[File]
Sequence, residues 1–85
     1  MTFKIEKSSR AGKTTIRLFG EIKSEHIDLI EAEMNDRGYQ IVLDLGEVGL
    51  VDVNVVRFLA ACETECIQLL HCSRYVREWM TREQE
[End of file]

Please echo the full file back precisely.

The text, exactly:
Sequence, residues 1–85
     1  MTFKIEKSSR AGKTTIRLFG EIKSEHIDLI EAEMNDRGYQ IVLDLGEVGL
    51  VDVNVVRFLA ACETECIQLL HCSRYVREWM TREQE